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Introduction to technical analysis
 
Essence and history of technical analysis, basic methods of technical analysis, graphical methods of technical analysis (levels, reversal figures, continuation figures), trend indicators (moving averages, MACD, ADX), oscillators( RSI), Candle Stick

1.    Essence and history of technical analysis
2.    Basic methods of technical analysis
3.    Graphical methods of technical analysis (levels, reversal figures, continuation figures)
4.    Trend indicators (moving averages, MACD, ADX)
5.    Oscillators( RSI)
6.    Candle Stick
7.    Elliott wave analysis

1.    Essence and history of technical analysis

Technical analysis — a popular way among traders to predict the behavior of the price of an asset in the foreign exchange market. Technical analysis is based on the belief that price changes that have occurred in the past are inevitably repeated. 
Confirmation of previously recorded patterns in the behavior of the market is sought through the analysis of price charts, during which certain graphic figures are identified, interpreted as signs of a possible price movement in one direction or another.
The central position of technical analysis is the assertion that prices take into account everything. That is, there is no need to monitor and analyze economic news, since all of them are already reflected in the price, just look at the chart. The logic in this case is the following: if the market makes figures (price values) from information, then there must be a possibility of the reverse process of obtaining information from figures (prices).
Price forecasting on the basis of technical analysis is based on the data (results) of previous trades, the most important of which are:
- prices;
- trading volumes.

History
There are two approaches to understanding the history of technical analysis. The first of them is based on the opinion that the technical analysis originated in the United States and, accordingly, is a creation of Western thought, while others believe that the technical analysis originates in the East. Let's briefly consider each of these versions.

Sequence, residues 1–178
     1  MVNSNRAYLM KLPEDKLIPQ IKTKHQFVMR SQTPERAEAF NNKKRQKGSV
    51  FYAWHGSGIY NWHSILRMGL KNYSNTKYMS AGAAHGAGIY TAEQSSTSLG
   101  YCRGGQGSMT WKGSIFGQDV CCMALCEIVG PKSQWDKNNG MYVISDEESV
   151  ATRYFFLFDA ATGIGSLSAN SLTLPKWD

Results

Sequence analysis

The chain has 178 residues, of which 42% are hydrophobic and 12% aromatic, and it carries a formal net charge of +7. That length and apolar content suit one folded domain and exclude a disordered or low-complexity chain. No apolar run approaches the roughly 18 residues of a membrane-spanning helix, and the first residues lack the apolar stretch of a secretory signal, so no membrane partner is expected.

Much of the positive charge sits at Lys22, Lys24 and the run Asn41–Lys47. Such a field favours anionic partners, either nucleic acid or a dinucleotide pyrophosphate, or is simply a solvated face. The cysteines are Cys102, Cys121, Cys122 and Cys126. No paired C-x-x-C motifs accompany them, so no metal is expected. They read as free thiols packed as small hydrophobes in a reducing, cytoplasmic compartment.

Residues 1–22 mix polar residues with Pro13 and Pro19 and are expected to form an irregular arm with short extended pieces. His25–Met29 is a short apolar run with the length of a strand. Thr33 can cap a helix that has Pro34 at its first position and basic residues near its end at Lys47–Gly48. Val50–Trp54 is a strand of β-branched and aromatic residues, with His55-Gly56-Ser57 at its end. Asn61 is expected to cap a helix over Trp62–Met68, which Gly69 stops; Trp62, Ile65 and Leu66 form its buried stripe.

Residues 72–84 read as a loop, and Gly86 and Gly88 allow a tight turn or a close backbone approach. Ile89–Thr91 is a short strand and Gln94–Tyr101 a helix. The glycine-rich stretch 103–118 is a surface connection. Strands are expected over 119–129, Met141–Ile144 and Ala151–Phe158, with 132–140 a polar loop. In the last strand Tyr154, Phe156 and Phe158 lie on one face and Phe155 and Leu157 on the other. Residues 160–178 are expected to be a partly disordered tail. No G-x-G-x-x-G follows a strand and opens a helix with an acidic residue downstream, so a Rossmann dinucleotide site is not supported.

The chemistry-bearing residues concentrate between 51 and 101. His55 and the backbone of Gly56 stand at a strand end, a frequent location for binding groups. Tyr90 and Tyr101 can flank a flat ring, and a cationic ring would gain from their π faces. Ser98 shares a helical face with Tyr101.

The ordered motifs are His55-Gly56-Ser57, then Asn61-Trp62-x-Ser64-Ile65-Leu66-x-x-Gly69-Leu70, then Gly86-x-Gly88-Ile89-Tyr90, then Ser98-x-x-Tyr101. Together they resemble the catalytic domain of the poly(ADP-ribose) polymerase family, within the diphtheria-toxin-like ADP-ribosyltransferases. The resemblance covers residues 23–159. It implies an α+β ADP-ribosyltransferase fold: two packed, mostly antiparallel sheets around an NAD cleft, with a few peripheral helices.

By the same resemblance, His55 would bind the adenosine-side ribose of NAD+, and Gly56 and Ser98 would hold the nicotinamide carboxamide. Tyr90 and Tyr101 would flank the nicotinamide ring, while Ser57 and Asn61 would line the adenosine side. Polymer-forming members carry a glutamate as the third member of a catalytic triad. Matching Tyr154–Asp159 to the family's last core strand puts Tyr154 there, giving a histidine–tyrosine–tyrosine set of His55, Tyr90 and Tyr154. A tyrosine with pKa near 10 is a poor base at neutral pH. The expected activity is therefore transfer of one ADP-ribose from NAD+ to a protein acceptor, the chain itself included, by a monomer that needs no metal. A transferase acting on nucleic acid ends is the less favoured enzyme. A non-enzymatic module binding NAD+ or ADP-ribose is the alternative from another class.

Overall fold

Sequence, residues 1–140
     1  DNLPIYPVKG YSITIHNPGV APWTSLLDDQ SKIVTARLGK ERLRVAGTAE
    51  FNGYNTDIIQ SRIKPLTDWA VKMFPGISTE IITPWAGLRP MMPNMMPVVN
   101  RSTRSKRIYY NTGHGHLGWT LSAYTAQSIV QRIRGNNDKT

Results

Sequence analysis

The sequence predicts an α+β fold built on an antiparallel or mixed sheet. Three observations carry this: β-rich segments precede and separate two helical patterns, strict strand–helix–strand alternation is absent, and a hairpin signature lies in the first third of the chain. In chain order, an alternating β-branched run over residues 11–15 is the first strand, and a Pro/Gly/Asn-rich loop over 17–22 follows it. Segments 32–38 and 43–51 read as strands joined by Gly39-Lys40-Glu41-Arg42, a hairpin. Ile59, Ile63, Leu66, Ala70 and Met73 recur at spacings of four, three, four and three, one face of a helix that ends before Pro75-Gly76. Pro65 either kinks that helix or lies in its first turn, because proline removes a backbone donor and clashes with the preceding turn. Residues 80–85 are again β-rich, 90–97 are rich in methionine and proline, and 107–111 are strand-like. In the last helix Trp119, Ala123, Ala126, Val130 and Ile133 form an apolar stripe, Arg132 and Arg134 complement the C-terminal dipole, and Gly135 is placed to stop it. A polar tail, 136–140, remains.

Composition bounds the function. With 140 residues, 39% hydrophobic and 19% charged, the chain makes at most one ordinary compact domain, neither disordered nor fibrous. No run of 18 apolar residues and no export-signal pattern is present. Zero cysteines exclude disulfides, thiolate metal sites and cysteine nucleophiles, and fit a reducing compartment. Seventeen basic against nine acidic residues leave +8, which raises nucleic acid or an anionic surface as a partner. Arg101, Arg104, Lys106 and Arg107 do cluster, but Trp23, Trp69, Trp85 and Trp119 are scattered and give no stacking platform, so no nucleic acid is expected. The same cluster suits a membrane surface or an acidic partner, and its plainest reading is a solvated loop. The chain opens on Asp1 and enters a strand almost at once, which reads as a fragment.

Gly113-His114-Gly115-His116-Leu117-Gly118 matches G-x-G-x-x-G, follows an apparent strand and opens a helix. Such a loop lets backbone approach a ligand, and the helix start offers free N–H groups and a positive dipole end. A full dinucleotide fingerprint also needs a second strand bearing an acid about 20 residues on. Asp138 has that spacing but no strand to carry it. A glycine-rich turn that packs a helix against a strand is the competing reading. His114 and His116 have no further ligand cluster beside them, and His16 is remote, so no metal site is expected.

The first mention of the possibility of forecasting future price movements based on the results of previous trades appeared in the late XIX century in the Wall Street Journal. This was a note already notorious Charles DOE-creator of the now popular Dow Jones index. The theory created by Dow exists to this day and is called: "Dow theory". The method developed and improved until the 1970s. With the advent of computers, it became easier not only to count, but also to display calculations in a graphical form.
According to the second approach to understanding the history of technical analysis, it originated in ancient Japan. While Columbus didn’t even think of discovering America, the first prototypes of stock exchanges in which rice was traded existed in Japan. And the Japanese traders, trying to predict the movement of prices, drew the Candle Stick with chopsticks on the sand, looked for their specific combinations, which were repeated and predicted the price changes of rice.
Basic postulates of TA
1. Movements in asset prices include all factors.  
2. Prices move in a directional manner. This means that price movements aren't random and move in a certain direction. Directional movement is called a trend. There are three types of trends: bullish (upward movement), bearish (downward movement) and flat (prices move in a certain range).
3. History repeats itself. This postulate is based on the existence of patterns - typical structures that reflect the price dynamics and occur from time to time. Their existence is associated with the peculiarities of human psychology.
As additional, they also distinguish:
- indexes must confirm each other - any trading signal has to be confirmed (generated) by signals from other indexes (indicators).
- trading volume should confirm the trend - trading volume should increase in the direction of the main trend.
- trend exists until obvious signals appear, it has changed.

A characteristic feature of technical analysis is its applicability to prices in all types of markets. In commodity markets, technical analysis is just as applicable to the prices of gold, oil and natural gas as far as coffee and sugar prices are concerned. In financial markets, you can also successfully work with rates of different currencies, as well as with different indices. In fact, any process, on the graph of which the trends are viewed, can be analyzed by methods of technical analysis.